For the remainder of the afternoon and on into the night, Jaysh Denbauk sat on the floor of the old king’s anteroom and dreamed about escape. It was entirely too much dreaming for such a simple goal, but for the time being—while he was being comforted by this roomful of whining teary-eyed saps—dreaming was all he could do.
     He had already performed the necessary preparations for his escape—having made his clandestine visit to the good general’s bedchambers while pretending to relieving himself in the privy—so now the anticipation of his freedom was all but killing him. If only these gloomy masses would leave the anteroom for a moment, he could put his crafty machinations into action.
     Teach you, I reckon, said the voice of his woman-friend in his head, even though Jaysh could hear the voice of his real woman-friend talking to Iman on his right. Teach you to stand around peerin out winduhs an’ fearin fer your life when yeh ought be runnin fer the hills.
     And the woodsman, with his head sagging between his shoulders and his eyes locked on the floor, couldn’t have agreed more.
     He didn’t know if it was his lack of sleep or vine or nourishment—or a combination of all three—but he’d had another spell after closing the shutters to the old king’s chamber. He’d pressed the wooden edges flush against the sill, flicked the little brass latch back into place, and the next he knew he was lying on the hardwood floor of the chamber and wondering how he had gotten there.
     It didn’t seem like much time had passed—he could still remember everything before he’d fallen, and the lighting about the shuttered appeared the same—but the brevity of the spell did not make him feel any better. The fact was he’d fallen unconscious again and, in the process, lost any chance he had of escaping the castle.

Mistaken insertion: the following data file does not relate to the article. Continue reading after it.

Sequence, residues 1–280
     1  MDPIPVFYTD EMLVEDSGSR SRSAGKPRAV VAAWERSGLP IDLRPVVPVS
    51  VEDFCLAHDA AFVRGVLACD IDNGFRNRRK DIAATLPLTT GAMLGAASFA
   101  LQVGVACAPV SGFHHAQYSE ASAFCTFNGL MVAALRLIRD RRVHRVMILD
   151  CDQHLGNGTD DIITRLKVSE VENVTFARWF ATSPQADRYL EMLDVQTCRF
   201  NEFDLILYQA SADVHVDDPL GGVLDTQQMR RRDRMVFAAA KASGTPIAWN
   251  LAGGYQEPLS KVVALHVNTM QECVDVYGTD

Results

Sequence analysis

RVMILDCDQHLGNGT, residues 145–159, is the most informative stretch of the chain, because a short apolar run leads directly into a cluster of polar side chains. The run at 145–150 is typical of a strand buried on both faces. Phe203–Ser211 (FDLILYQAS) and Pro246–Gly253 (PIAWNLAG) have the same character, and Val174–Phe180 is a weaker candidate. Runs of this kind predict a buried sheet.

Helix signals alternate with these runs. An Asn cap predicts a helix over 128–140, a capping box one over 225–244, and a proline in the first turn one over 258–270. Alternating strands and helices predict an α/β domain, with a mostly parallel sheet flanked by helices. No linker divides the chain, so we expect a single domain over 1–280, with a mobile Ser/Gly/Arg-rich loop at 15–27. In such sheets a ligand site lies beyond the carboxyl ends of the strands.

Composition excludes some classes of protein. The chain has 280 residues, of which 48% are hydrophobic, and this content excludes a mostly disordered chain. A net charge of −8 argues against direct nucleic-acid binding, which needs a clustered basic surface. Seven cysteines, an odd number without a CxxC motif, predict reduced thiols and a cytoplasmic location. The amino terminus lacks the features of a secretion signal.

The part that really irked him was how close he’d been to landing on the old king’s bed. Because had he managed to cover the four paces to the bed and blackout on the old king’s mattress, the chubby chambermaid who’d peaked in on him at the sound of his collapse would have believed him asleep instead of unconscious.
     As it were, the hefty handmaid found him crumpled on the floor. At which point, she came in on the run, her plump face flushed and her flabby jowls agape. Jaysh remembered rolling over on his side at the sound of the door, peering up into the yawning cavity of the woman’s middle-aged mouth, and then wincing as she let loose with a wildcat yell that threatened to leave him deaf.
     “He’s down!” she’d screamed. “He’s—THE KING’S DOWN! He’s gone down again!
     After that, the whole of the castle had poured inside the chamber, servants and guards, advisers and acquaintances, certainly more people than could be easily evaded, or at least more people than could be evaded by a simple woodsman who was used to doing his evading before the predators arrived.
     That fat old woman, Jaysh thought, even though he knew it wasn’t entirely her fault. No one had made him collapsed on the floor. No one had held a crossbow on him and insisted that his knees go weak and his head go fuzzy. Ge’down, You! Jaysh heard the imaginary attacker barking in his ear. Ge’down on that floor an’ start quaverin like a sissy!